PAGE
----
Jimmy the Wrist [Repost]



Bernard’s mother was the accordion player in an ethnic folk band. They called themselves the Charlie Manson Quartet, and played for dances and weddings in Legion and Elk halls up and down the valley.

Of course, this was years and years before the Charles Manson family committed bloody murder in California. Bernard remembered guitarist Charlie Manson as the most benevolent kind of year-round Santa Claus, with his premature white hair and trimmed beard. Except when he drank, which was actually rare, he was a jolly trickster, who made charming but suggestive jokes in between songs, told the most ridiculous tall tales about fishing in the lakelands, and played Chinese Checkers with a fierce competitiveness.

The other band members were Harry Porter, the bass guitarist, and Jimmy “The Wrist” Corcoran, so named because he drummed a full spring wedding season with his left wrist in a cast. Bernard wasn’t sure the wrist ever healed properly, but the fracture never seemed to affect his drumming, which was odd. Or maybe he just wasn’t a very good drummer.

Jimmy was kicked out of the band after The Incident, and they never replaced him, using a small electronic rhythm device instead, which turned out to be a good thing because they could sell the van and just go from gig to gig in Harry’s massive old Lincoln, which had room for the three of them and their instruments. They became the Charlie Manson Trio.

Bernard’s mother was a pretty brunette, with doe-like brown eyes and a shy demeanour, though she really was, Bernard remembered, a crackerjack— smart, funny, and talented. She could play any kind of keyboard fluently and had a low, sweet singing voice.

She loved the water and Bernard remembered many summer afternoons at the beach, he digging in the sand for creatures— clams, mussels, burrowing sea bugs of all kinds —which he put in a big plastic washing tub filled with sand and water. Sometimes he waded on the shore in search of painted turtles, but didn’t put them in his washtub aquarium anymore because one young turtle ate all his collected clams. He brought them to his mother to be duly admired, and released them again.

Sometimes at the beach his mother read books from the library, sometimes chatted with Bernard about his collection, but mostly she liked to lean back in the blue and yellow strapped lounger in her swimsuit, and feel the sun. He remembered her humming, tunes the band played for people to dance to, or little patches of songs that she made up.

Bernard remembered one day, filled with the lazy sounds of waves lapping the shore, seagulls squawking overhead, his mother humming. The sunlight shimmered behind her, and he saw another, larger silhouette appear alongside.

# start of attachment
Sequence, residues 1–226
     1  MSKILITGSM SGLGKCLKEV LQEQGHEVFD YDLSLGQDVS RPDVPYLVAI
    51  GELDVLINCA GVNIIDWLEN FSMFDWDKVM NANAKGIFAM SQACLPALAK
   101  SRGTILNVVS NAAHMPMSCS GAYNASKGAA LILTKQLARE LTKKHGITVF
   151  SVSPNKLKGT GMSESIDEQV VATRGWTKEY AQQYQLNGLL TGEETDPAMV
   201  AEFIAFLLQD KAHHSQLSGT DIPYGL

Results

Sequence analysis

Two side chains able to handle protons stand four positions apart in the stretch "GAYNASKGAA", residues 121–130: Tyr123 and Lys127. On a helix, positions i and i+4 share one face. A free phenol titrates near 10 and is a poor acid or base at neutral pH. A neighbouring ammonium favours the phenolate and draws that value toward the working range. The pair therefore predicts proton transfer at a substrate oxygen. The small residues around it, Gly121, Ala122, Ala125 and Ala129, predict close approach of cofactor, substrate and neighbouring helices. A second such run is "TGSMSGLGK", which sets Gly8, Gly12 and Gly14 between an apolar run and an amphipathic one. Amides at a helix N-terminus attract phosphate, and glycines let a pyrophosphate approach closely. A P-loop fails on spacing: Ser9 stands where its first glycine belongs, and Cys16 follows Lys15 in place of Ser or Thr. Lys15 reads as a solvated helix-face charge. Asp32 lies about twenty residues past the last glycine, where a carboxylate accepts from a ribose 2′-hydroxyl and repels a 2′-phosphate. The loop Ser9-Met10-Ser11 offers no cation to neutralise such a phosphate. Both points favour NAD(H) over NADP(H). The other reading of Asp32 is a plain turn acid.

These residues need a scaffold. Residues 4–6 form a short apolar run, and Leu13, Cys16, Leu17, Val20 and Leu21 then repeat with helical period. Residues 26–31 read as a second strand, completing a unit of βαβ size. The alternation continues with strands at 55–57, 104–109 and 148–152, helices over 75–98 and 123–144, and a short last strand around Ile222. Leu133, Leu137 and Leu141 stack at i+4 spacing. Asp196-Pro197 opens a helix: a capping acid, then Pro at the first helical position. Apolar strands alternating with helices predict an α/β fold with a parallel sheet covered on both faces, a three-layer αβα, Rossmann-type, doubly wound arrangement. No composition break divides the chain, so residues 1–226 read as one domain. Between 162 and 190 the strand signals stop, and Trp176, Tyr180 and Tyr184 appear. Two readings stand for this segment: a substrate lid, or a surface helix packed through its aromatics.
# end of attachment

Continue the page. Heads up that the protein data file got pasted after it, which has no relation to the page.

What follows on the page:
“Hi Bernie,” said Jimmy The Wrist, waving stiffly. “Why don’t you go play in the water or somethin’?” Jimmy had a funny part in his hair, too close to the centre, which made him look a bit like Jimmy Olsen from the comics.

Bernie turned to his mother, who sat up in her lounge chair and ruffled his sandy hair.

“See if you can find another turtle — you can show Jimmy,” she said to her son.

People always looked strange on the beach when they were fully clothed; awkward and out of place. Jimmy wore a starched white shirt, open at the collar, and a pair of grey slacks with a belt. His shoes were polished black leather and fastened with shoelaces.

Jimmy joined Bernard’s mother on the lounger, perching on the edge, while Bernard waded ankle deep in the cool water. He hadn’t learned to swim yet, and wasn’t allowed to go any deeper.

All was well until Bernard heard loud voices. “No, I’m not!” his mother shouted. Bernard froze, and then he saw Jimmy stand up and slap his mother hard across the face. She screamed and Bernard started to propel himself from the shore towards them.

Before he reached his mother, before the blonde couple down the beach or the man at the concession stand up by the parking lot could react, a seagull, a raggedy old grey and white seagull, flew straight into Jimmy’s face.

It flew in with its beak and claws out, tearing up Jimmy’s clean-shaven face and neatly-parted hair. It fluttered its broad wings and flew away. There was blood.

Jimmy flailed around blindly, and Bernard’s mother put a towel into his hand, Bernard’s towel that had the Superman crest on it.

Jimmy was gasping and crying, the towel pressed to his face. Bernard reached his mother just as the young couple did, and she clasped his hand tightly, her other hand on her cheek. The man at the concession stand then arrived with a heavyset man in uniform, who, after talking in low tones to Bernard’s mother and the young couple, invited Jimmy to come along with him. No one seemed in a great hurry to tend to Jimmy’s wounds, but he was quiet now, and walked away with the officer silently, subdued.

Bernard’s mother knelt in the sand and enveloped Bernie in her arms. He could feel her breathing heavily, and feel the heat from the cheek that had been so forcefully struck. She hugged him tightly, and he looked over her shoulder at Jimmy and the officer in the parking lot as the officer opened a white car door and Jimmy bent to get inside. Just before his bloody face disappeared into the back seat, the old seagull returned, circled, and shit on the top of Jimmy’s head.

“We’ll get you a new towel,” Bernard’s mother, unseeing, whispered in his ear.


  • Original Prompt: Beach, May 5, 2016


Prompt: Treasure